My Latest “Sold!” Column at Art & Object Showcases Six High-flyers from Asia Week 2019

A COMMEMORATIVE GOLD BRACELET 1839-1841

What you see: A very rare gold commemorative 18k gold bracelet made between 1839 and 1841 and sold on March 18, 2019 at Bonhams New York for $187,575 against an estimate of $20,000 to $30,000.

 

My latest Sold! column for Art & Object showcases six magnificent lots that commanded strong sums at Christie’s, Sotheby’s, and Bonhams during last month’s Asia Week auctions.

 

In addition to the absurdly intricate gold bracelet shown above, the column includes:

 

An important and extremely rare imperially inscribed greenish-white jade “twin fish” washer, sold at Christie’s New York for $2.89 million against an estimate of $1 million to $1.5 million

 

A gilt copper alloy figure of Chakrasamvara, made in Tibet in the 15th century and sold at Bonhams New York for $225,075 against an estimate of $200,000 to $300,000

 

An extremely rare set of seven archaic bronze ritual Zhong bells, dating to the Western Zhou dynasty, and sold at Sotheby’s New York for $325,000 against an estimate of $100,000 to $150,000

 

A gilt copper alloy figure of Amitayus, made in Tibet in the 15th or 16th century, and sold at Sotheby’s New York for $325,000 against an estimate of $200,000 to $300,000

 

A compressed Yixing teapot and cover, dubbed Flowing and made by Wang Yinxian and Zhang Shouzhi in 1988, and sold at Christie’s New York for $150,000 against an estimate of $30,000 to $50,000

 

Read the column and follow Art & Object on Twitter and Instagram.

 

 

Potter & Potter Could Sell “The True History of Pepper’s Ghost”–a Rare Book on the Famous Special Effect–for $900

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What you see: A copy of The True History of Pepper’s Ghost, an 1890 book by Professor John Henry Pepper. Potter & Potter estimates it at $600 to $900.

 

The expert: Gabe Fajuri, president of Potter & Potter.

 

What is Pepper’s Ghost, and how was John Pepper involved in it? It’s a theatrical effect used to manifest figures on a stage. They could be ghosts, they could be people, they could be objects, even. It was devised in the mid-19th century by Henry Dircks and popularized by John Pepper.

 

How did he popularize it? Pepper came up with a way to streamline the installation of the device. Dircks wanted to modify every theater in a major way to install the invention. Pepper made it adaptable and practical.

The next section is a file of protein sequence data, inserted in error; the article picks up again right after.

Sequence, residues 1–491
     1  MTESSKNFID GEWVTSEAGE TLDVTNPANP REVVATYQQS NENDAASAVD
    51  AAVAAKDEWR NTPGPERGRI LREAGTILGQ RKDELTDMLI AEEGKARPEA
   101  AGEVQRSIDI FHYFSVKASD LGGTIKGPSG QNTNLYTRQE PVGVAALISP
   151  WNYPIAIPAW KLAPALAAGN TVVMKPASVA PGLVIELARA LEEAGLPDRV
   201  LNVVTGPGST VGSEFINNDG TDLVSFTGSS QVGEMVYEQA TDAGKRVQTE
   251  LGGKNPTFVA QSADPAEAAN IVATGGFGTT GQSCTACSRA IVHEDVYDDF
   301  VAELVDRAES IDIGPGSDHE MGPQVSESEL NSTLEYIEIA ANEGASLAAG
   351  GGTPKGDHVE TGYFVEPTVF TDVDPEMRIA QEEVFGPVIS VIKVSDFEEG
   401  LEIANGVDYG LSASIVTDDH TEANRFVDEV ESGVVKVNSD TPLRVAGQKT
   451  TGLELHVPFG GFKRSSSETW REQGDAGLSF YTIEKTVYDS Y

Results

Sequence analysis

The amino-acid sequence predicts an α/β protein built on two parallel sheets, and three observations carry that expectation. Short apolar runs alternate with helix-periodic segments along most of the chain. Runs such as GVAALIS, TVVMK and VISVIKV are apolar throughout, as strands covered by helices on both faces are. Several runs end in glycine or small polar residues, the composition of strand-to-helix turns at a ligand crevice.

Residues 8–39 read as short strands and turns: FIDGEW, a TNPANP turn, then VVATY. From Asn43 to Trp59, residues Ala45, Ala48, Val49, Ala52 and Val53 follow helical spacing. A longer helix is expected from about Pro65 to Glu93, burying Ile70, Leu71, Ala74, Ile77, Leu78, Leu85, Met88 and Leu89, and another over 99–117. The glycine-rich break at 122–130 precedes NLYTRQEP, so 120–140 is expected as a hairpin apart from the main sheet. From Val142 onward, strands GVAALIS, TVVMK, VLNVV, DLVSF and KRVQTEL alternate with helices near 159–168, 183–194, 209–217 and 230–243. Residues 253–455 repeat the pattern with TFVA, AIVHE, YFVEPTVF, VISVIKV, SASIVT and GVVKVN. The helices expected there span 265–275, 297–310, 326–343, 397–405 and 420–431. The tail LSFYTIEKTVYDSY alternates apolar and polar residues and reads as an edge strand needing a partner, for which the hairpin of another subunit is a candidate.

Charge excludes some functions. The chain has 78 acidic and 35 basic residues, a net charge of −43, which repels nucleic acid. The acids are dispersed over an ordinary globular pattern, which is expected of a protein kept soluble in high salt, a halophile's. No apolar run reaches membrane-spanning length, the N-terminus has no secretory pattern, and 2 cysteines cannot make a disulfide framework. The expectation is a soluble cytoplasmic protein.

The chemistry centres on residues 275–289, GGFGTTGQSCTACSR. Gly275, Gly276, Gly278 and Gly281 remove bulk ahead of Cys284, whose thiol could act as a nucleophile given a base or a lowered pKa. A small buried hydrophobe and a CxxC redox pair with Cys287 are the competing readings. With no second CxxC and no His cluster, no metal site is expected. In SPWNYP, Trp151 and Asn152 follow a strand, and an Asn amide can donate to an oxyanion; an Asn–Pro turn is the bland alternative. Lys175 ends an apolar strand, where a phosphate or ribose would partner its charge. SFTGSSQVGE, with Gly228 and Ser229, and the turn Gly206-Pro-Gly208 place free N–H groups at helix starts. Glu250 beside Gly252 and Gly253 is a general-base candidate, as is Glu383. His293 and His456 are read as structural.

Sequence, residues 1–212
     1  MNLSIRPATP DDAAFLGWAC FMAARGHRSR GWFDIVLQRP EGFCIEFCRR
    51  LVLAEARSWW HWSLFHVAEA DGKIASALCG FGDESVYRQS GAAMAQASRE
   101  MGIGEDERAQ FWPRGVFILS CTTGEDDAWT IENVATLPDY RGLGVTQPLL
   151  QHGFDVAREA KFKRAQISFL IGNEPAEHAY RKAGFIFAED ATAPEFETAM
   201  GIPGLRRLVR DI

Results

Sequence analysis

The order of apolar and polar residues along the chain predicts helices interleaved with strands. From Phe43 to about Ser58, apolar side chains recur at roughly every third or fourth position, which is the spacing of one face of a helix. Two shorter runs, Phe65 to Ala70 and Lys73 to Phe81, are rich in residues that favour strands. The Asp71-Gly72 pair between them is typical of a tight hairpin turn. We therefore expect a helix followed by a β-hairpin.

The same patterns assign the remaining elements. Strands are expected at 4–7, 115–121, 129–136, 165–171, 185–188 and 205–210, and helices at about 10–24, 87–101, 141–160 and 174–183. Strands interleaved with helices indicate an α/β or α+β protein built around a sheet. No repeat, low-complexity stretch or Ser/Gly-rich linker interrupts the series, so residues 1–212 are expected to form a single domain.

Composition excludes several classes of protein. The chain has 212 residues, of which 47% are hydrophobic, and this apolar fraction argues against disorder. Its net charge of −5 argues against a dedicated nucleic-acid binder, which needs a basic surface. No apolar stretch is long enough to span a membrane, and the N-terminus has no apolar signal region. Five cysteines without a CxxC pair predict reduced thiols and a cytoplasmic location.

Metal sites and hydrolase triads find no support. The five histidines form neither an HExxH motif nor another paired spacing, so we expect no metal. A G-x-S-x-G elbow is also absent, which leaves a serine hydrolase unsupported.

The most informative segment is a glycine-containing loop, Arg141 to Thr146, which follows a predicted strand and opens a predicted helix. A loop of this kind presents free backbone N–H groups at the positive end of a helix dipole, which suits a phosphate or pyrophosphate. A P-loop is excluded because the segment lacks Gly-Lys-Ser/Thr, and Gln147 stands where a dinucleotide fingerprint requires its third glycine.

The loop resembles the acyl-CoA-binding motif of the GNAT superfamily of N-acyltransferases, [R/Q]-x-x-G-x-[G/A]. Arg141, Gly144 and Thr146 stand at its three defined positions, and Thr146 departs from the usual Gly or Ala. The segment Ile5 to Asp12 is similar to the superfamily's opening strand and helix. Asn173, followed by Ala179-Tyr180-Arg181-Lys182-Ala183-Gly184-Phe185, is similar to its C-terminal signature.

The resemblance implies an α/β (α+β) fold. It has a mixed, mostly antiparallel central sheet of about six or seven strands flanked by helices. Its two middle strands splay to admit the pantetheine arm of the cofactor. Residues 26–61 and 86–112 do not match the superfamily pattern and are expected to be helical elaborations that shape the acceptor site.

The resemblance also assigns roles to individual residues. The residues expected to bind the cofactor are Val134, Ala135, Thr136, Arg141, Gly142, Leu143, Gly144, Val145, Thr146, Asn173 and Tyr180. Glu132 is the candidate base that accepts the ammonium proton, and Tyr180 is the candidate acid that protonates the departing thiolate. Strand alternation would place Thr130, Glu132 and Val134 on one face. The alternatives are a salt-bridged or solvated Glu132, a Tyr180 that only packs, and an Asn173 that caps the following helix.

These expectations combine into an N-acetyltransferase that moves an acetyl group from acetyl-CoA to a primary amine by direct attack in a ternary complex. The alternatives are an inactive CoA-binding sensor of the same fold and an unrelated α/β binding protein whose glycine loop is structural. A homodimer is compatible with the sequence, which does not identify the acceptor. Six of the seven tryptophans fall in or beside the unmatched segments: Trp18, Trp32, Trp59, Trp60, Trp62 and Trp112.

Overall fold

Why was the special effect such a big deal when it debuted in 1862? Because it made ghosts walk on stage.

 

Were there previous attempts to do something like Pepper’s Ghost, which fell short? I’m not aware of any, and I’m not an authority, but people had played with using glass in a similar way going back centuries.

 

To what extent, if at all, was the impact of Pepper’s Ghost amplified by debuting in a play based on a book by Charles Dickens? My recollection is the play it was used in involved the appearance of a ghost. What I like about that was Charles Dickens was an amateur magician. They probably chose it [the debut of the effect] coincidentally, but there’s some serendipity there.

 

What I find interesting is Pepper tried, almost heroically, to give due credit to Dircks, but the public persisted in calling the effect “Pepper’s Ghost.” But look at songwriting. Maybe it’s a stretch, but how many of Whitney Houston’s songs did she actually write? It’s the performance that makes the memory in the public mind.

 

But it’s not typical for someone to try as hard as Pepper did to share credit. No, especially when the profit motive is involved. But, eventually, Henry Dircks signed the patent over to Pepper. It shows he had no animosity to Pepper. It helped cement it in the public mind, I suppose, but the public doesn’t go back and read patent papers.

 

Have you read the book? Do we know why Pepper felt he had to write a book titled The True History of Pepper’s Ghost? I have not read it, and I don’t know his motivation.

 

Does it go into detail about how to produce the Pepper’s Ghost effect? Oh, yeah. The folding frontispiece shows you how to set it up. It’s literally the first page.

 

How is the Pepper’s Ghost effect used today? I know it’s been adapted for many practical and entertaining purposes. One you probably don’t think of is the headsup display on a car’s windshield. A more frivolous use brought Tupac Shakur to life on stage. It’s been used for decades in carnivals to turn a girl into a gorilla.

 

It’s a surprisingly durable special effect, given that it’s more than 150 years old. Sometimes, you know, simplicity is an art. It’s hard to improve upon something so direct and effective.

 

Do we know how many copies of the book were printed? Also, how many copies have you handled? I don’t know the number printed, but I’ve handled two or three in 11 years.

 

What condition is the book in? Lovely. It’s not in fine condition, but considering its age and scarcity, it’s good, in bookseller’s terms.

 

Who would have been the audience for this book? I imagine it would be scientists, or theater owners, or people who wanted to incorporate effects into a production. It could have been magicians or curiosity seekers as well. The cover is beautiful–one of its main attractions these days. The skeleton on the cover says it all.

 

How to bid: The True History of Pepper’s Ghost is lot 405 in The Magic Collection of Ray Goulet, a sale taking place at Potter & Potter on April 27, 2019.

 

How to subscribe to The Hot BidClick the trio of dots at the upper right of this page. You can also follow The Hot Bid on Instagram and follow the author on Twitter.